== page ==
Anthurium Ace of Spades Diseases & Pests
While your plant has magnificent leaves, it still is prone to pests and diseases.
Burn Marks and Leaf Spots
The thick leaves can become diseases with a bacterial infection caused by wet leaves or overwater. The problem is that it goes unnoticed and can spread fast. To prevent the infection from spreading, it helps to remove the leaves.
Yellow Lesions Along The Leaf Margins
If you notice your larger plants have a vegetative stage of water-soaked lesions developing into a brown color, it results from leaf blight, and you will need to remove the infected leaves.
Sudden Wilting and Yellowing of Leaves
Here the crucial thing is to check the roots, and if they die back, it can be from Pythium fungal infection due to waterlogging in the ground as your plant does not have well-draining soil.
When you look at the above diseases, the University of Florida explains that most Anthurium plants get it due to excess humidity or overwatering. So when the substrate surface dries out, you can water your plant.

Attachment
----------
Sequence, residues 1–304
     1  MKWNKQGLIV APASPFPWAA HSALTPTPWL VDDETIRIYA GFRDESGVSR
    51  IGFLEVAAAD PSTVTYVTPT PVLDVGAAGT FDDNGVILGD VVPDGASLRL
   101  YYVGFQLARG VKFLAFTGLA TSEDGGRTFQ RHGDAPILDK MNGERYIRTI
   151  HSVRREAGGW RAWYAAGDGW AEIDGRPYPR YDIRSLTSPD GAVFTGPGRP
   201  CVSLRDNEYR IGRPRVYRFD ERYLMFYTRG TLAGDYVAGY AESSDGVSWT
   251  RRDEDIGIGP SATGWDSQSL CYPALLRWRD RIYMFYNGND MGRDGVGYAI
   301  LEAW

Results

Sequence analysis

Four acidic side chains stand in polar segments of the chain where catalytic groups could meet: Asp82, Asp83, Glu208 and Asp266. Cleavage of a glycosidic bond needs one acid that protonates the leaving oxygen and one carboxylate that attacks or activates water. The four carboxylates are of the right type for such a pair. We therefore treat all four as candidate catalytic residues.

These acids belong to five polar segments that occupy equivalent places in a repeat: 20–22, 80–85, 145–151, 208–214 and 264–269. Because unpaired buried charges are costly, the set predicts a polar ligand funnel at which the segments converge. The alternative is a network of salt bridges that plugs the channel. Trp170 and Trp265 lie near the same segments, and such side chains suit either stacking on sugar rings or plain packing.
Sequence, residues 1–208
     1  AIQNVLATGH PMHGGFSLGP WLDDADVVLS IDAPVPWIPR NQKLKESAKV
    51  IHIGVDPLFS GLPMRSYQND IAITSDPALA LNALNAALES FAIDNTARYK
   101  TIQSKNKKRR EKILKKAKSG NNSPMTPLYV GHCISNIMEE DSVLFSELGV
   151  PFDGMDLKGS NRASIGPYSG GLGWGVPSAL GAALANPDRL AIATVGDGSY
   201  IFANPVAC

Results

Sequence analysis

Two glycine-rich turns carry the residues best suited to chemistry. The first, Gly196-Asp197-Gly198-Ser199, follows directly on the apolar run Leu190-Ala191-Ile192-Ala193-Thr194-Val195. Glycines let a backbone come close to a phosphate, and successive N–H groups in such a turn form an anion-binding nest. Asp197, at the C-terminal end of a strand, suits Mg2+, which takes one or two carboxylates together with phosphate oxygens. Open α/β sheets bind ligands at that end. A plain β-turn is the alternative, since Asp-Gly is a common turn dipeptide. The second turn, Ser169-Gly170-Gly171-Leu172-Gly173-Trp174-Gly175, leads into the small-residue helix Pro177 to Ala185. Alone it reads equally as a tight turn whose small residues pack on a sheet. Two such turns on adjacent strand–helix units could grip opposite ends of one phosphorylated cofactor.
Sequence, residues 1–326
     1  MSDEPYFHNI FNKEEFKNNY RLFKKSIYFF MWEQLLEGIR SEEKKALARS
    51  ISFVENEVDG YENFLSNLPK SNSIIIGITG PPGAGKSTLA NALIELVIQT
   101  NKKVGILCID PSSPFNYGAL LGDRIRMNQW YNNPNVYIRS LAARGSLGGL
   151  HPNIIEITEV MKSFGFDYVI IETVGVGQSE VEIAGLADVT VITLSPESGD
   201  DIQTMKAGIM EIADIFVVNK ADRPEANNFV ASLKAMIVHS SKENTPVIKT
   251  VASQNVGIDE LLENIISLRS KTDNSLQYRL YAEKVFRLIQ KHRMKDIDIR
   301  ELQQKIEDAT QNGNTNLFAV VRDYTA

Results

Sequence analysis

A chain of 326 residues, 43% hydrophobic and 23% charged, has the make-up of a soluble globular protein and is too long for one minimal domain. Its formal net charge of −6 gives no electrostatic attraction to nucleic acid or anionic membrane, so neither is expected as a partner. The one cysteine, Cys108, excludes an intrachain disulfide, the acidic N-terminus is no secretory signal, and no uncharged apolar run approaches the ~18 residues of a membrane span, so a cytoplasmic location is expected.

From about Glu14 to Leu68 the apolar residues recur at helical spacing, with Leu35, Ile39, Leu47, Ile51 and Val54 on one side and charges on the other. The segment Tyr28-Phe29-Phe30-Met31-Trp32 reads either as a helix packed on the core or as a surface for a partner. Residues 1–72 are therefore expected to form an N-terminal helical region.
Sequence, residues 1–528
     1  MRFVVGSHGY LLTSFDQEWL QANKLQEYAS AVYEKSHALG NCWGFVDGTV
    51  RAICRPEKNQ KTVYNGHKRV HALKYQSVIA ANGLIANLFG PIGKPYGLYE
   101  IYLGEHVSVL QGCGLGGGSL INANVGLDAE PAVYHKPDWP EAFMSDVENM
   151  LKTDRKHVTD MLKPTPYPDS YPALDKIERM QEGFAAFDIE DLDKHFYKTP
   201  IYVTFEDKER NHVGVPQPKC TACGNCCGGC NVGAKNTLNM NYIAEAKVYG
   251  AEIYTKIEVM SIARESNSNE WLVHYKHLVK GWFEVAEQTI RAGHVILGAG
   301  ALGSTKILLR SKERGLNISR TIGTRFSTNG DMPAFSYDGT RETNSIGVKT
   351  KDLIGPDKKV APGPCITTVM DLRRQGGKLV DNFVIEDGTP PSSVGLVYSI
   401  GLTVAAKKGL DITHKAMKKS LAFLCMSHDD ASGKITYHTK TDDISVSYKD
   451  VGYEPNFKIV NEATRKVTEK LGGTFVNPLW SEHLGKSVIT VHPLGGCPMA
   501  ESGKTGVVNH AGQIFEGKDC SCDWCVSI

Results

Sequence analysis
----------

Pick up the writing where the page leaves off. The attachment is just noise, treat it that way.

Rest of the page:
Your Anthurium ace is resistant to most pests, but you can find them bothered by spider mites, mealybugs, or aphids sucking all the nutrients out of the plant. You can treat your plant with insecticidal soap or dab the insects using a cotton ball with isopropyl alcohol. Alternatively, you can use neem oil and give your plant leaves a regular cleaning with a damp cloth.
Frequently Asked Questions
When you look at both these plants, you can easily mistake yourself when buying them as both come from tropical regions and look similar.
The main difference is that the ace of spades has velvety leaves and is highly veined. The leaves are dark green with a tint of red-purple or black. In addition, you can find them with white veins.
When you look at the clarinervium, it’s a lithophyte and not an epiphyte. The leaves look pale green with concentric silver-toned veins and a light green underside.
The ace of spades is an evergreen, and the plant grows with heart-shaped foliage and looks like the spade on playing cards. The foliage has a dark venation with velvety leaves.
The ace of spades is a hybrid, and yes, the origin and parentage are unknown.
Whether you want to buy, sell or simply reach out to other plant enthusiasts, Plantly is the right place to be!